Is Phl the next Macau of online gaming?

Philippine offshore gaming operators (POGO) may make their comeback on domestic soils this year as they begin to survey for office space vacancies in Metro Manila and other areas.

POGOs are seen to take up around 12 percent or 31,000 square meters of the 266,000 sqm in office space requirement in 2021, according to data from a real estate broker.

David Leechiu, CEO of Leechiu Property Consultants, said the controversial operators of online gambling may just find their way back into the Philippines with the legislation of a measure that seeks to legitimize their enterprises.

The House of Representatives in February passed House Bill 5777 that charges POGOs with a five percent tax on gross revenue. Also, the measure requires foreign nationals working in POGOs to pay a 25 percent tax on gross income.

Similar bills were authored in the senate by Sen. Ralph Recto and Sen. Imee Marcos. Recto proposes to tax POGO workers by 30 percent, while Marcos copies the 25 percent rate of the House.

According to Leechiu, POGOs can transform the Philippines into the Macau of online gaming in their return here, as their activities will now become legal, as regulated not only by the Philippine Amusement Gaming Corp., but also the Bureau of Internal Revenue (BIR).

Further, Leechiu said POGOs are expected to reverse losses incurred during the lockdowns by multiplying their investments in locations where they operate.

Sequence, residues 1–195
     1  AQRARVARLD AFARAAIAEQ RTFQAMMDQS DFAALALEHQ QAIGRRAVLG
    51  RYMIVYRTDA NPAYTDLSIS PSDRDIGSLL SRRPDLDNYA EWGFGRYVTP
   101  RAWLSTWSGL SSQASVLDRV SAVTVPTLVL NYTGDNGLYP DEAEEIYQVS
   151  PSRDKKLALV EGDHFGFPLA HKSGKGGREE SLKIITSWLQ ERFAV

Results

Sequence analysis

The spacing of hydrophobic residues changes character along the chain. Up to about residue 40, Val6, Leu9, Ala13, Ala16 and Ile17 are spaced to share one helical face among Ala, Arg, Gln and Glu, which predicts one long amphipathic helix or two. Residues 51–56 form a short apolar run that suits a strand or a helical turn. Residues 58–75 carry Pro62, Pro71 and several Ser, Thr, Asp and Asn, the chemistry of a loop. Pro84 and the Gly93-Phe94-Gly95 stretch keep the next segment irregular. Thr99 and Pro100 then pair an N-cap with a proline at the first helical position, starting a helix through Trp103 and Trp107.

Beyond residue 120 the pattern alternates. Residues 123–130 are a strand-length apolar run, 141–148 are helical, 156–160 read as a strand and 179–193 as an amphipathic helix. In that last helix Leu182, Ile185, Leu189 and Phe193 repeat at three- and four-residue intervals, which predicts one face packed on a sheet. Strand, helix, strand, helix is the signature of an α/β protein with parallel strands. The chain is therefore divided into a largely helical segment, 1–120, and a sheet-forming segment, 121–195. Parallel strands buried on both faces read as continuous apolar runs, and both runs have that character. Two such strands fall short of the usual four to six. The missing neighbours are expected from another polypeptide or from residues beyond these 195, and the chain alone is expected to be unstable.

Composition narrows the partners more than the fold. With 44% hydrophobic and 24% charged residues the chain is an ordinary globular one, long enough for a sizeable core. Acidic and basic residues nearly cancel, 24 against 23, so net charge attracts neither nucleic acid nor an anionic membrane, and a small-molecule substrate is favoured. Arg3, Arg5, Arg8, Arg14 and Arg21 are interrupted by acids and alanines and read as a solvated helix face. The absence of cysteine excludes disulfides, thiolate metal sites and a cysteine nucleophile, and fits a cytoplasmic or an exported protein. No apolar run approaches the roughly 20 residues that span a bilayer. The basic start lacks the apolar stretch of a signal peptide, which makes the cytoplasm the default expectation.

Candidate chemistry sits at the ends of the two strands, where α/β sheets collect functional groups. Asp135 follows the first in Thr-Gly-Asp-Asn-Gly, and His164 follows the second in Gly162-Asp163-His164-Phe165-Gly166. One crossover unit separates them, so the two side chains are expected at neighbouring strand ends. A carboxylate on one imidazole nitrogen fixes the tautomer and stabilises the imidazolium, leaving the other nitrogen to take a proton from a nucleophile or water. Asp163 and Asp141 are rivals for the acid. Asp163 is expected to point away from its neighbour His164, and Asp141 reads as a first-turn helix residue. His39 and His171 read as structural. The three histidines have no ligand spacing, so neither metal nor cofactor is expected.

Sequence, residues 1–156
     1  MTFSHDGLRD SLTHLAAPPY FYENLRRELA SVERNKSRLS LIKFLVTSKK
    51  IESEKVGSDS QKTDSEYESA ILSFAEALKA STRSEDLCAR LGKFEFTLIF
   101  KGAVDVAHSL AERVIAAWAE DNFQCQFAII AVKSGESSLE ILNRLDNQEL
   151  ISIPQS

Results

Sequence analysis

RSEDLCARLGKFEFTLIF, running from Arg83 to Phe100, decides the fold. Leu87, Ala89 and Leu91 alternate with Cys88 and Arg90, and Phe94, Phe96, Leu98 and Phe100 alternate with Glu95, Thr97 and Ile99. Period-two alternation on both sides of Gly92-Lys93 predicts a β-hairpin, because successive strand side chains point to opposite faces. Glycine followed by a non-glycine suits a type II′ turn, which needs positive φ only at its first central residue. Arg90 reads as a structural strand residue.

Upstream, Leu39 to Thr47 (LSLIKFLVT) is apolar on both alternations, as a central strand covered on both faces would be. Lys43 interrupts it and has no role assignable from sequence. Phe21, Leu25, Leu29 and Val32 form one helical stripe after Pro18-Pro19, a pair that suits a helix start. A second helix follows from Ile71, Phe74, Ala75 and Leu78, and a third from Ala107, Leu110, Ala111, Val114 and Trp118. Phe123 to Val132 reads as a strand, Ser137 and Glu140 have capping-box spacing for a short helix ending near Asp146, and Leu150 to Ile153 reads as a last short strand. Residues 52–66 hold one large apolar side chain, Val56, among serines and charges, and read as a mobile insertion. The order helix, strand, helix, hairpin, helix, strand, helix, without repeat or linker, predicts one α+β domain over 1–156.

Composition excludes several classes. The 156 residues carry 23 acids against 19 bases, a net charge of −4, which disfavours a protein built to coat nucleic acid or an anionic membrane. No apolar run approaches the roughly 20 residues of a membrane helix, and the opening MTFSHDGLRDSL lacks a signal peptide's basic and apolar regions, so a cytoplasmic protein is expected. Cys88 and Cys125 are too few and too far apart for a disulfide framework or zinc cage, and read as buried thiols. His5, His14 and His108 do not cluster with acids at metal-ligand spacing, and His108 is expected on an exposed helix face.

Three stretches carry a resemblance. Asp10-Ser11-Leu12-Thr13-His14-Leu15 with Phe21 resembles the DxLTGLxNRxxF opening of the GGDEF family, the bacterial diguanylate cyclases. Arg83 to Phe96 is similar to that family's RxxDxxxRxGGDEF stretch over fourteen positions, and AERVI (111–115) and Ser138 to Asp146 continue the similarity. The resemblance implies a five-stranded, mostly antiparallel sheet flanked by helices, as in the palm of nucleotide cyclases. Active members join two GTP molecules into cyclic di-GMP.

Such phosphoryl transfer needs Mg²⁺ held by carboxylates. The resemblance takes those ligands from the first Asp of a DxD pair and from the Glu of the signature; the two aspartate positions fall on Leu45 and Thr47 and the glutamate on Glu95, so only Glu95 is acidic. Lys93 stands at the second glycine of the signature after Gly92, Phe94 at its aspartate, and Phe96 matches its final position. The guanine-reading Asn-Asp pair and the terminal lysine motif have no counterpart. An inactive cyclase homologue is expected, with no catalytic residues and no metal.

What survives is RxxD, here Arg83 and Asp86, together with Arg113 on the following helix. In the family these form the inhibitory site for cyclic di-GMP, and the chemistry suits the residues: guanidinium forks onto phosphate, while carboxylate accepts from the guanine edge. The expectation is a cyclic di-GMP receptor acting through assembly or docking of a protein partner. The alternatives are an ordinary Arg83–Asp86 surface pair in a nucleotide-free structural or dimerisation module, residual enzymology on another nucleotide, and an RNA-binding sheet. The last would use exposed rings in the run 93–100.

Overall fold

In the Philippines, POGOs have stopped acquiring new office spaces since the second quarter of 2020, as they wait for congress to approve legislation that will legalize their enterprises.

“They did not have any new leasing in the last nine months attributed primarily to the efforts of the BIR to choke them. We believe that this will change by June [through] a law being drafted to reopen that industry and give them a legal platform into this country,” Leechiu said in a webinar last week.

With POGOs out of the picture, business districts across Metro Manila witnessed office spaces emptied out in a matter of one year. POGOs have terminated contracts on 396,000 sqm of office spaces since the pandemic erupted in the first quarter of 2020.

Leechiu explained this wipeout affected mostly Makati’s property owners, who leased their units to these online gambling firms and now maintain 109,000 sqm of idle spaces.

On the other hand, Leechiu warned that attracting the China-based POGOs to relocate here may be difficult to do now, especially that the government is demanding Beijing to pull out its ships from the Julian Felipe Reef in the West Philippine Sea.